Newborn Mice’s Hearts Can Heal Themselves
Taken from: The NY Times, March 1, 2011
By SINDYA N. BHANOO
An adult zebra fish can regenerate a damaged heart with no scar formation. This remarkable phenomenon has been seen in other fish and amphibians as well, but never before in a mammal. Now researchers from the University of Texas Southwestern Medical Center report in the current issue of Science that the mammalian newborn heart can fully heal itself.
Dr. Hesham Sadek, a cardiologist at the medical center, and his colleagues worked with mice and found that if a portion of the heart was removed within the first week of life, the heart grew back completely. The researchers removed about 15 percent of the lowest portion of the heart, known as the apex, in laboratory mice. Within three weeks, the lost tissue regenerated itself and the hearts were healed.
“But by seven days this remarkable regenerative is lost and instead of regrowing that tissue back, there is heart failure,” said Dr. Sadek said. “In humans, it may be a few months after birth that this is lost.” The newborn’s uninjured beating heart cells, known as cardiomyocytes, may be the source of new cells. Or stem cells may be contributing to the process, according to the report.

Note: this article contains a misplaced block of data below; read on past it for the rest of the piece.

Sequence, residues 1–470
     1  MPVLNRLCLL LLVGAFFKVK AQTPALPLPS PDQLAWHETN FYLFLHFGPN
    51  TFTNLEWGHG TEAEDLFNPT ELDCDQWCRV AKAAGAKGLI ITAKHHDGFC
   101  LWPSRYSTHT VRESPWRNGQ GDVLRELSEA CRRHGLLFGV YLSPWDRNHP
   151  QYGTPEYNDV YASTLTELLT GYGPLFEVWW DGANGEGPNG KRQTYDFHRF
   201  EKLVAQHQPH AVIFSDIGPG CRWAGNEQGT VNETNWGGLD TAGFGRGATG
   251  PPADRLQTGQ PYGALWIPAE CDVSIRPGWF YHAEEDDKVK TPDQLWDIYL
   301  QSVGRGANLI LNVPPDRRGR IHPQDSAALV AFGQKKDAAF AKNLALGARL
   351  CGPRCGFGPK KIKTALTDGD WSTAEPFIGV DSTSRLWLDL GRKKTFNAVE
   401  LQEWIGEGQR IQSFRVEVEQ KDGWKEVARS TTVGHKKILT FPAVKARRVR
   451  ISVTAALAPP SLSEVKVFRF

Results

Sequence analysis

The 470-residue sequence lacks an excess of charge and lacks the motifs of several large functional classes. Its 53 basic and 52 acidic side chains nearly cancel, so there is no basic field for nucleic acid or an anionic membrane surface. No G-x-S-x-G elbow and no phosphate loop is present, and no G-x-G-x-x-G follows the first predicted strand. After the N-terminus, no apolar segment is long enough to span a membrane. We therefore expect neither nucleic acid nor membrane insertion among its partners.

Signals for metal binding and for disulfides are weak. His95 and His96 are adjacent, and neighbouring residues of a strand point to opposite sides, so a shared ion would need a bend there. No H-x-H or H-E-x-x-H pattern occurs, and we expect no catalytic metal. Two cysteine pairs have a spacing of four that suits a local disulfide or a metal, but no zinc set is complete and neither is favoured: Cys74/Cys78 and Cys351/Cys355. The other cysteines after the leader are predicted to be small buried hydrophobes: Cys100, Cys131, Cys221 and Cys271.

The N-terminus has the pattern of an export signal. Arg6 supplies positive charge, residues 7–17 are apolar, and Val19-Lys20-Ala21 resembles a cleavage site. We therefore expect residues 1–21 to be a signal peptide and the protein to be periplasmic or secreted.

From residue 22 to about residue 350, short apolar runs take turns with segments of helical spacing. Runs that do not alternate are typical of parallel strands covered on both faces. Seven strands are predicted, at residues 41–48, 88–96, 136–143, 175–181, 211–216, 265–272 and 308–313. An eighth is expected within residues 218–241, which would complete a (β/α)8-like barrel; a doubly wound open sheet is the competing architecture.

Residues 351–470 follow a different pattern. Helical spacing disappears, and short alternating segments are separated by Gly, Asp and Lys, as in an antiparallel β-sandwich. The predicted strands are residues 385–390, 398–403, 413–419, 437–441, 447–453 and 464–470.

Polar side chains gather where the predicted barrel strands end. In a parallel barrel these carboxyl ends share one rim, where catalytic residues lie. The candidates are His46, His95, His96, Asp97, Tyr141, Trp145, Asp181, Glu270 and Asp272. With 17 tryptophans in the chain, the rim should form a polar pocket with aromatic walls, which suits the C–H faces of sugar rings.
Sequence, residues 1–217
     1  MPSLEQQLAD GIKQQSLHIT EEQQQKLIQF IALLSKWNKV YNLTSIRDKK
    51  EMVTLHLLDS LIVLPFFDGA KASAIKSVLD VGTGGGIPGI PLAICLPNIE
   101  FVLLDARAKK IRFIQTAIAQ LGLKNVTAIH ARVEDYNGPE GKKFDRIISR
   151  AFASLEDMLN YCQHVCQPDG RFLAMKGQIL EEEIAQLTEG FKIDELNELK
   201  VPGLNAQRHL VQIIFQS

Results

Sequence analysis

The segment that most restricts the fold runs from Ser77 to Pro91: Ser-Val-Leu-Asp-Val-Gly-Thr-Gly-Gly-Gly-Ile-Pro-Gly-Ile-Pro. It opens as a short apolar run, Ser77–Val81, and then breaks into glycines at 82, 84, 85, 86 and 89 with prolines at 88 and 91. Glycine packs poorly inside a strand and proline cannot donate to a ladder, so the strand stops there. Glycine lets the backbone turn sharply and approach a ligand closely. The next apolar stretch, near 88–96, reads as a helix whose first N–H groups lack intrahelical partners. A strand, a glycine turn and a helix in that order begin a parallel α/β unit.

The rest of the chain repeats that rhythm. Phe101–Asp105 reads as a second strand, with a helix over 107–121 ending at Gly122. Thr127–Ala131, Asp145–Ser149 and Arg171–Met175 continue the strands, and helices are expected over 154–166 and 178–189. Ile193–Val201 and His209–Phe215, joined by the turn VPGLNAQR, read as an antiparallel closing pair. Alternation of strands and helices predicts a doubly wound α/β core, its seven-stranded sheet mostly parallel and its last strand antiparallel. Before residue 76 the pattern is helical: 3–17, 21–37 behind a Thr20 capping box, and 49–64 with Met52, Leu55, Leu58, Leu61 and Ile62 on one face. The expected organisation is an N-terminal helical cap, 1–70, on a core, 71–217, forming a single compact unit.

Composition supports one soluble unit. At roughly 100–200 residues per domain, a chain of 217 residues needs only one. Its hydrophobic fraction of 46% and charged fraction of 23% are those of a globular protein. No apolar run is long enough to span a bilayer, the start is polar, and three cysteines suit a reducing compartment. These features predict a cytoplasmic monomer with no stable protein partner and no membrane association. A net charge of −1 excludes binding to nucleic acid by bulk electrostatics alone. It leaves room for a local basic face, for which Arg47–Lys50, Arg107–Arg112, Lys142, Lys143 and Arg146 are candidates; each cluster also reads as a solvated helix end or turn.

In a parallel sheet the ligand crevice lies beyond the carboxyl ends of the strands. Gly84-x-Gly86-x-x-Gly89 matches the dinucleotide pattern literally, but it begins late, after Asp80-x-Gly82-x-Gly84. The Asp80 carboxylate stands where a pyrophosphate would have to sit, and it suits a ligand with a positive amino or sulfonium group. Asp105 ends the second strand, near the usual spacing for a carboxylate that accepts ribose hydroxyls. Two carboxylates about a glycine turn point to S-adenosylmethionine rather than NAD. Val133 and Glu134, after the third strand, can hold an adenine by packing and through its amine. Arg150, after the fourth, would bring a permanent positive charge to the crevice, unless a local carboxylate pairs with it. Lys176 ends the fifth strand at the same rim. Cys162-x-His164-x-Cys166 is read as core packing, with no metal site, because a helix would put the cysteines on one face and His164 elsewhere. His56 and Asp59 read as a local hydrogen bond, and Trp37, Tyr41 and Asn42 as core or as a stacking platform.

The study offers hope that doctors will one day be able to cure heart disease. If newborn children are also able to regenerate their hearts, there may be a way to restart this ability in adults. “We’re looking at a few genes that could regulate this process, and then we can look for drugs that activate the genes,” Dr. Sadek said. “Maybe we can remind the heart how to do this.”
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